In a previous posting, “The Ultimate Loss Prevention Strategy: 4 Key Areas of Allocating Your Risk Management Budget,” we highlighted the importance of addressing Diagnosis-Related Adverse Events. As an extension of that article, Dr. Tom Syzek and I provide further detail for justifying that recommendation and the recent data surrounding diagnostic errors, after which we will outline three key attributes of successful initiatives that have led to positive results.
Quick Review of the Data
In 2015, the HMD (Health and Medicine Division - formerly IOM) released the report “Diagnostic Error in Health Care,” which indicates that the majority of adverse events that lead to litigation stem from a diagnosis-related event.
The 2014 CRICO Comparative Benchmark System (CBS) National Landscape Analysis reveals that diagnosis-related allegations accounted for the highest total incurred cost in their loss history at just over $1 billion (4,184 MPL cases from 1/1/09-12/31/13). Furthermore, the majority of diagnosis-related cases result in high-severity injuries (death, permanent grave, permanent major, or permanent significant) and account for over 80% of the financial losses.1
Copyrighted by and used with permission of The Risk Management Foundation of the Harvard Medical Institutions, Inc., all rights reserved.
The claims data shows that diagnostic errors represent a significant area of exposure to patient injury and that litigation helps provide an awareness. However, Dr. Allen Kachalia’s analysis of missed and delayed diagnosis malpractice claims (published in the Annals of Emergency Medicine) advances the discussion and identifies common fact patterns.
A Quick Summary of Dr. Kachalia’s Findings 2
- Cognitive errors were involved in 96% of the cases:
- Mistakes in judgment (87%)
- Lack of technical competence or knowledge (58%)
- Lapses in vigilance or memory (41%)
Good News: You Can Make a Positive Impact
Up to this point, you might be feeling that this article feels leans towards the “glass half empty” side of the spectrum. Fortunately, several organizations have had success in avoiding adverse events and litigation related to diagnostic errors. With that in mind, let’s review some key attributes of successful initiatives that have led to positive results.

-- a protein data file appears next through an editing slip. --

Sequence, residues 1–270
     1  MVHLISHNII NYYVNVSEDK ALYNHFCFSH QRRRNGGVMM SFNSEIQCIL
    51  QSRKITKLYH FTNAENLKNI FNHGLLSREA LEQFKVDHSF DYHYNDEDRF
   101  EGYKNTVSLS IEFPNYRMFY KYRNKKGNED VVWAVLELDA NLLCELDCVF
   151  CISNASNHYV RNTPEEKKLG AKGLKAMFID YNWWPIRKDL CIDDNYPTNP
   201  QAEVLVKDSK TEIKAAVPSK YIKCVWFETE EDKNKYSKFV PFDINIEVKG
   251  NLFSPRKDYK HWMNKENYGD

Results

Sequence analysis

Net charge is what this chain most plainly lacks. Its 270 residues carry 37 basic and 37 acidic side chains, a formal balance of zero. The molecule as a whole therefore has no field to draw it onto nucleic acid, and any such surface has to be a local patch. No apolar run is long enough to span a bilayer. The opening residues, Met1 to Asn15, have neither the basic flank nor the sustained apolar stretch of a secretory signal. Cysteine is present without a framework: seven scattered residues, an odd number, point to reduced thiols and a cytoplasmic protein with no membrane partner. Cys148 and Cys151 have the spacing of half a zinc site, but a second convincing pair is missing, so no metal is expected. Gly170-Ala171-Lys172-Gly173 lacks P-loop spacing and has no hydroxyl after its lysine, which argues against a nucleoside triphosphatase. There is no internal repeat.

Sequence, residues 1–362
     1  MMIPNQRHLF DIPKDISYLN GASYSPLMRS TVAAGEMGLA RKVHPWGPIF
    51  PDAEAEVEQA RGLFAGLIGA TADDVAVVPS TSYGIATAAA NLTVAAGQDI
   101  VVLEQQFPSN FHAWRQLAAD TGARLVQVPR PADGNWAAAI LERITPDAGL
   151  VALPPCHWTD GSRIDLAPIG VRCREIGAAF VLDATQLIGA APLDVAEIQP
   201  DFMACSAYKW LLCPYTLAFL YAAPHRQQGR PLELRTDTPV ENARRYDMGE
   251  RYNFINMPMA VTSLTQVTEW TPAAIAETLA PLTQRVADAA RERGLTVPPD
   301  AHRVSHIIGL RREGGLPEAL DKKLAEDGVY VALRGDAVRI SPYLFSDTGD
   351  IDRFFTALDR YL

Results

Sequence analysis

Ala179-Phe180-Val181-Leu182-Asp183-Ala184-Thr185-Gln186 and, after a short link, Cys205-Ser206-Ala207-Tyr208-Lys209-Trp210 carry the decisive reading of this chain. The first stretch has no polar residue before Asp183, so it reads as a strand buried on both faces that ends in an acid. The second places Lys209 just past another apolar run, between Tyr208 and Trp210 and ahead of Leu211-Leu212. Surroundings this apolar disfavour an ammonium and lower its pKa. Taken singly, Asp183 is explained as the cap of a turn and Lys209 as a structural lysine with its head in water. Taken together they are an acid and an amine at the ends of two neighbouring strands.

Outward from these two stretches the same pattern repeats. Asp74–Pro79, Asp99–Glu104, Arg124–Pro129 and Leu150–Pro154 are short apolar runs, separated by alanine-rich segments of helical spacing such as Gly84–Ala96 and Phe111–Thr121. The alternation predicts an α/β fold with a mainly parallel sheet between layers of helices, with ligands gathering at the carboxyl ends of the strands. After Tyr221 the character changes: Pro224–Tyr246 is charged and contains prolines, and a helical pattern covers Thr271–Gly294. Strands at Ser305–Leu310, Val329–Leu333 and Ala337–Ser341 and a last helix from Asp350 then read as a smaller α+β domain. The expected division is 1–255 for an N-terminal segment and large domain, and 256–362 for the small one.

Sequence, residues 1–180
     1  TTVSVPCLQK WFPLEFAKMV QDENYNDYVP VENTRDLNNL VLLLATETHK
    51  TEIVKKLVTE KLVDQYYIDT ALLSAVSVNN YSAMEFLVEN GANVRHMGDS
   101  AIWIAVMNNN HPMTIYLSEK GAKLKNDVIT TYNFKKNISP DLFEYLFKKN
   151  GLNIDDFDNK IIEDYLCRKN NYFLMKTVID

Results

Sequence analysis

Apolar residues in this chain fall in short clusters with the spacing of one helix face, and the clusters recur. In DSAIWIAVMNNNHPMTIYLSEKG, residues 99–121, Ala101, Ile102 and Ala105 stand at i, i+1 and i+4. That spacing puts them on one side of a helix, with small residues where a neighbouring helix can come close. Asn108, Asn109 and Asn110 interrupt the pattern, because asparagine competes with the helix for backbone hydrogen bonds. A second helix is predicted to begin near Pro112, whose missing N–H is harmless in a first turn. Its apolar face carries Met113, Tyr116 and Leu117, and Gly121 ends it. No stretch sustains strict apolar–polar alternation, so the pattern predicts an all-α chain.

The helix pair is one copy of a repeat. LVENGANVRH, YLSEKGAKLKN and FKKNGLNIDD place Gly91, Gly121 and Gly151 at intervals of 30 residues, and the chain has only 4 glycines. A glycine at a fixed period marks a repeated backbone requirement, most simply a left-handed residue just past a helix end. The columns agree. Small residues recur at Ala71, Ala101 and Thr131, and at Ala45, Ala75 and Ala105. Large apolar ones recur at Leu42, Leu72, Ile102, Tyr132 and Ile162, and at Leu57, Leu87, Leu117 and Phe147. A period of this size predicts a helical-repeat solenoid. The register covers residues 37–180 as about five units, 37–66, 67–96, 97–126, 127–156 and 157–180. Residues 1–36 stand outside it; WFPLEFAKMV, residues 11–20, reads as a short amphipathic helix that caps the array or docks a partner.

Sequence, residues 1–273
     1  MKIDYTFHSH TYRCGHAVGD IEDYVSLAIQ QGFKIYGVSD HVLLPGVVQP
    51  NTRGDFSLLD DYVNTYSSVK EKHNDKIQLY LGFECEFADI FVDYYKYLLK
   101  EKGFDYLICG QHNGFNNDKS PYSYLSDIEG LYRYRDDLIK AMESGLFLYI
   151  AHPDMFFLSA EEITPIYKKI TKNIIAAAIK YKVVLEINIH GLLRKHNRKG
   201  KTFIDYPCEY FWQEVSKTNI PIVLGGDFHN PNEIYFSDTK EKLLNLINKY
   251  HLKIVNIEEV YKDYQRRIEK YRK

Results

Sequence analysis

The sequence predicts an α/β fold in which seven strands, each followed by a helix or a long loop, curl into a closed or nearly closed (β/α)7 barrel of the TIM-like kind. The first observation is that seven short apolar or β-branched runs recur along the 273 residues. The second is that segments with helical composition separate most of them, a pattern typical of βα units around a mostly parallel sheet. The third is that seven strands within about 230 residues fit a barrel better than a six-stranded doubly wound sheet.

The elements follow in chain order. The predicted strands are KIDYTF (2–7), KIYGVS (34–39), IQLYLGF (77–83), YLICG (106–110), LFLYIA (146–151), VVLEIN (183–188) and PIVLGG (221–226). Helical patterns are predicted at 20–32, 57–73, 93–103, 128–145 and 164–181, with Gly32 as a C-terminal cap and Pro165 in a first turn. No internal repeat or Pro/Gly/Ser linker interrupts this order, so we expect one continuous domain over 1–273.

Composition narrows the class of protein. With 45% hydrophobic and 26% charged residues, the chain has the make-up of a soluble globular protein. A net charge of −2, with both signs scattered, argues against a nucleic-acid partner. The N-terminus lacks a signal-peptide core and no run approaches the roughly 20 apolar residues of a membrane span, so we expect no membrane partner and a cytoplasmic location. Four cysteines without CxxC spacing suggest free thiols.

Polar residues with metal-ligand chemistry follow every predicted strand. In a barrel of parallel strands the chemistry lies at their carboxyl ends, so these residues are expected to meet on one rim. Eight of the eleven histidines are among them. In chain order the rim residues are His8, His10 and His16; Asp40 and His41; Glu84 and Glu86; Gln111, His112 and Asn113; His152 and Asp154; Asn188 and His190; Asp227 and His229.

This particular attribute speaks more to the philosophy, framework and design of the loss prevention initiative. While peer review activities are helpful, merely relying on this “reactive” approach may not reveal the clinical risk exposures prior to an adverse event taking place. Consider defining a profile of the most common missed/delayed diagnosis claims associated with a particular specialty. From that profile, perform an ongoing, prospective analysis of your clinician’s practice, regardless of the patient outcome.
For example, analyze the last 30 medical records from chest pain patients over 40 years of age that presented to your Emergency Department and measure the frequency that clinicians appropriately assess and document the clinical elements related to Acute Myocardial Infarction, Pulmonary Embolism, and Thoracic Aortic Dissection (e.g., radiation of pain, location of pain, etc.). Augmenting your peer review process with this prospective analysis could reveal clinical risk exposures before they become an adverse patient safety event.
Ensuring that the content of your patient safety initiative is clinically relevant not only leads to the positive changes in clinical practice that you hope to achieve, but it also ensures the successful adoption of the program. Many organizations implement an online training (CME/CE) program for their clinicians. This is an important component to have in place for a strong loss prevention program. However, the content of the curriculum has to be viewed as truly meaningful to your clinician’s practice. We have found that clinicians respond very favorably to case-based, clinical scenarios that provide specific recommendations for improving practice and/or documentation. In that same vein, any prospective analysis of their practice must measure the clinical elements that actually impact the diagnostic process. Building an initiative around the “soft science” aspects of the clinical environment will likely frustrate clinicians and will not lead to meaningful positive changes in clinical practice.
Regardless of the industry, implementing an error reduction program has to be enduring, and healthcare is no exception. When you factor in attrition rates and the human desire to revert back to old habits, it is critically important to build an initiative that can become part of the organization’s culture. Relying simply on “onsite consultations” or even one individual’s ability to impact everyday clinical practice appears to be a losing proposition in the long run. If you have invested in a proactive strategy that is clinically relevant, you should expect to see impact in your loss history over time, which contributes to the sustainability of the initiative. That said, continuously proving a negative can be a tough proposition and it requires discipline to maintain the course.
1 CRICO Comparative Benchmark System: National Landscape. 2014.
2 Kachalia et al. Missed and delayed diagnoses in the emergency department: A study of closed malpractice claims from 4 liability insurers. In the February 2007 Annals of Emergency Medicine 49(2), pp. 196-205.